America 51: A Probe into the Realities that are Hiding Inside “The Greatest Country in the World” (Da Capo Press), by Corey Taylor

Being lead singer for Slipknot and Stone Sour doesn’t necessarily endow you with wisdom, but I’ll hand it to Corey Taylor: I love the vivisection he conducts on these Disunited States in America 51. He spares no one and nothing: neither the rubes who think Trump is looking out for them nor the PC busybodies who whine about “micro aggressions” as big corporations undermine everyone’s macro. As Taylor points out, the latter only helped to spur on the former. “We have become the very reason for our downfall,” he insists, a society of selfie-obsessed dummies who feel entitled to spout off on any subject, whether they know shit or not. “Ultimately, at some point, if we want this country to get on better footing, we need to find some common fucking ground,” he concludes. It won’t be easy.

Cowboy Song: The Authorized Biography of Thin Lizzy’s Philip Lynott (Chicago Review Press), by Graeme Thomson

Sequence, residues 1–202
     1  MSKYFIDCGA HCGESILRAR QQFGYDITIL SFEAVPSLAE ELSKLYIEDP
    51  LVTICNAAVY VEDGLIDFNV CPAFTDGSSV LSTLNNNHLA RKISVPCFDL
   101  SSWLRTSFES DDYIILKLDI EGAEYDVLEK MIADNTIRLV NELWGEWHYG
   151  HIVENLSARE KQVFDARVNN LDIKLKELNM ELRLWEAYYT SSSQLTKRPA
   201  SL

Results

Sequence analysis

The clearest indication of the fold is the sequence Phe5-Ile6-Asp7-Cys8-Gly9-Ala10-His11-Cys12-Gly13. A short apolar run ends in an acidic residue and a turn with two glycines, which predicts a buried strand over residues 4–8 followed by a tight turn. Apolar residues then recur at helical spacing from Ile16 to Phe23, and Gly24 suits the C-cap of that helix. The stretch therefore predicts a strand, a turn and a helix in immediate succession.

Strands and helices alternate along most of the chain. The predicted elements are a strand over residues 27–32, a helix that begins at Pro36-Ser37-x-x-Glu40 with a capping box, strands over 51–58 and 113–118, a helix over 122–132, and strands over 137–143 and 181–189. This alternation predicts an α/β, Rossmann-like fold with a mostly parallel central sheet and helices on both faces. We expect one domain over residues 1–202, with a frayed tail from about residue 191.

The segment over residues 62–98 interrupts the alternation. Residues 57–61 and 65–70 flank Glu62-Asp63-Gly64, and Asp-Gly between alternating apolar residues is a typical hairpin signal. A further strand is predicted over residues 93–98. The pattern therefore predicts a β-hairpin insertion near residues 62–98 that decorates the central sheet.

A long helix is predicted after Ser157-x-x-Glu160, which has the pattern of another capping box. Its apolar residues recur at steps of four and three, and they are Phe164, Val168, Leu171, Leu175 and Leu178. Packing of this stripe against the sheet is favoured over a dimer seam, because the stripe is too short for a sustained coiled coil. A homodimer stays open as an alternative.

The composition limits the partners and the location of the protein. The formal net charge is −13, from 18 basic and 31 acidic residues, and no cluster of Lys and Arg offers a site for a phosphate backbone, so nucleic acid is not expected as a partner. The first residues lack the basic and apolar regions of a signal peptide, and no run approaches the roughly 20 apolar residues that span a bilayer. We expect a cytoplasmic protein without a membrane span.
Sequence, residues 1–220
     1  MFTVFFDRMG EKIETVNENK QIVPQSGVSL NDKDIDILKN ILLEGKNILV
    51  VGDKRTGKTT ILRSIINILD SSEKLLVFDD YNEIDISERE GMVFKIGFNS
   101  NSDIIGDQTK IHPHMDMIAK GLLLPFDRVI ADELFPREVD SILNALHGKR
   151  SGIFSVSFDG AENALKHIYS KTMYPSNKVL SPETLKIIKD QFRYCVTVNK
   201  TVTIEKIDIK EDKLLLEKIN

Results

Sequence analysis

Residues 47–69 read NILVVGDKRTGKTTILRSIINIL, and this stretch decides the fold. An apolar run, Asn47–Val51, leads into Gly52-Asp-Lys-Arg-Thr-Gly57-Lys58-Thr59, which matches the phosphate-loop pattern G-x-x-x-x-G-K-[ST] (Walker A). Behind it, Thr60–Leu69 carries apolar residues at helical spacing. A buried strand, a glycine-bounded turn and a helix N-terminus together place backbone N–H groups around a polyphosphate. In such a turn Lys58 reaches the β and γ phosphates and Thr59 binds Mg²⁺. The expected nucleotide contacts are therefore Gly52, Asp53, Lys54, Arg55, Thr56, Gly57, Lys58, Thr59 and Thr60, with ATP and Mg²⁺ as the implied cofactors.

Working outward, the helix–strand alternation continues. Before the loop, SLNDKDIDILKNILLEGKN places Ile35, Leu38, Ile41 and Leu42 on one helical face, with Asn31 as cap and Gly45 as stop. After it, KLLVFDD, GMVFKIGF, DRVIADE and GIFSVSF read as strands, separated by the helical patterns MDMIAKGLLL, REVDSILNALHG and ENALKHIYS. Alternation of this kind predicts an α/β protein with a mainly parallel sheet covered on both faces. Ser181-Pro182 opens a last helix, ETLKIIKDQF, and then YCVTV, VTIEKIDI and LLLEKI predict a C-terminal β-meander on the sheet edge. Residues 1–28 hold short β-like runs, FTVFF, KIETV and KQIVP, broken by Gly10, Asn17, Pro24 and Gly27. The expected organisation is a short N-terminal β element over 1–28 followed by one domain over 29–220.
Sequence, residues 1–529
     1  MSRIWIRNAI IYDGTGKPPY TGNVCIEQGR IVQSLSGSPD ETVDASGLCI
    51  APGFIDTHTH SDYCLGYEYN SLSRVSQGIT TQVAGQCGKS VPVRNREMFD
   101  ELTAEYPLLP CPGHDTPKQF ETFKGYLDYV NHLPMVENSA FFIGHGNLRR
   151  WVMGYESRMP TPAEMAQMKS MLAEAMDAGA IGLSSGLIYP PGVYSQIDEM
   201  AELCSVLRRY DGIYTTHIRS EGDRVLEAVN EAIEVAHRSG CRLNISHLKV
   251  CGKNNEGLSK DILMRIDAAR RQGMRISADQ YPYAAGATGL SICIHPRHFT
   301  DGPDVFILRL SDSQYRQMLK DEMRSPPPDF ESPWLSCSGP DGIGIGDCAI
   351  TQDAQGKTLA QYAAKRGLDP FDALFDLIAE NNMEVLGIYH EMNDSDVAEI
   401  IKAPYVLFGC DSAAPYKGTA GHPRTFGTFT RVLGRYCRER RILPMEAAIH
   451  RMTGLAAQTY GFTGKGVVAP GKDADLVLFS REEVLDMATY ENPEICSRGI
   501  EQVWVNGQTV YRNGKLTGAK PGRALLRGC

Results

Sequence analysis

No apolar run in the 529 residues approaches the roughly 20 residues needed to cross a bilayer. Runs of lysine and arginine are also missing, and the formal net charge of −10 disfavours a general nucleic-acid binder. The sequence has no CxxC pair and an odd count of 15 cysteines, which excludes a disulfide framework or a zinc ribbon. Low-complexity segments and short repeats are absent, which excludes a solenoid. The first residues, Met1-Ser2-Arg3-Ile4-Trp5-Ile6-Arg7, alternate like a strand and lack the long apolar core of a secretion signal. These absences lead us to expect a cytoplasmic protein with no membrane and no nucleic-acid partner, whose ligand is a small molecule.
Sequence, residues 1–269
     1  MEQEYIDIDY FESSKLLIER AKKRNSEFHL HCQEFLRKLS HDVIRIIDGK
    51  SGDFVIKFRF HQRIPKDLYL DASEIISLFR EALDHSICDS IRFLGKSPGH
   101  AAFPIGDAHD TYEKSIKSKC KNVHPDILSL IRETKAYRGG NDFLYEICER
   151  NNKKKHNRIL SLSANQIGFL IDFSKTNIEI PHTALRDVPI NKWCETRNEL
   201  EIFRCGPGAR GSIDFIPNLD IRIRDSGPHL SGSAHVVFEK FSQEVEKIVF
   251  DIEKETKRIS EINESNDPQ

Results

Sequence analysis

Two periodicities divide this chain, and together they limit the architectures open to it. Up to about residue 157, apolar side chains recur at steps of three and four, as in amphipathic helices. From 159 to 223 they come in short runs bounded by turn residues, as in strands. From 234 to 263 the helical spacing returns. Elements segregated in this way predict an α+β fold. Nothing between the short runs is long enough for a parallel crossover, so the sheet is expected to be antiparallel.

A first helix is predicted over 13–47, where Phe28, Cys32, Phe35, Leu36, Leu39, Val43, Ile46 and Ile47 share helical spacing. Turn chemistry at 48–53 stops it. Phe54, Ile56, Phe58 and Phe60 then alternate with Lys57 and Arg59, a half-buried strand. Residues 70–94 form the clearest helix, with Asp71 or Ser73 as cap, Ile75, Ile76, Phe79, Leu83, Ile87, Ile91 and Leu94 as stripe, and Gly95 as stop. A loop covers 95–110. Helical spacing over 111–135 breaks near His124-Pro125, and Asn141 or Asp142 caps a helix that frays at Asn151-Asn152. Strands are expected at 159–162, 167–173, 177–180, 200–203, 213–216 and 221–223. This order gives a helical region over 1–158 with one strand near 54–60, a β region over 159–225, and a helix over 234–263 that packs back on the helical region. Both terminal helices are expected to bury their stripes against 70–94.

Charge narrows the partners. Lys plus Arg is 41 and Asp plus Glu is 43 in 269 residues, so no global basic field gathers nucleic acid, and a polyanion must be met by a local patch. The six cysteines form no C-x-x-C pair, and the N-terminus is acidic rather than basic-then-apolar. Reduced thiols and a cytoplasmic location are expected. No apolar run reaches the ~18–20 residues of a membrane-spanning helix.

Thin Lizzy’s frontman-songwriter Phil Lynott couldn’t help but stand out in 1960s Ireland. With a father he never knew from British Guiana and a wild tear of an Irish mother, he was a black kid growing up in a white working class setting. He was tough but romantic at heart—and as Irish in his soul as anyone. Cowboy Song is an excellent biography, placing Lynott’s music in the context of his environment. His lyrics were suffused with Irish mythology as well as a painful sense of loss resulting from his unknown father and largely absent mother. While condemning drug use for others, Lynott condoned it for himself, claiming, as an artist, a need for “extremes.” Drug abuse cut his life short in 1986.

Fats Waller (University of Minnesota Press), by Maurice Waller and Anthony Calabrese

Fats Waller was, by all measures, a sizable contributor to early jazz. The prodigy pianist authored many hits in the 1930s, some of which survive as standards (“Ain’t Misbehavin’,” “Honeysuckle Rose”). He was also a man of prodigious appetites (hence his moniker) for food, booze and sex. In the ‘70s his son Maurice, writing with freelancer Anthony Calabrese, penned a memoir of his life. Fats Waller, now reissued in paperback, reveals a man who used humor as leverage, laughing at the racism he encountered and the banal pop tunes he was occasionally forced to record. He was a clown who nonetheless took seriously his role as an African-American cultural figure and longed for acceptance at Carnegie Hall. Waller wore himself out touring, including places as far afield as Milwaukee.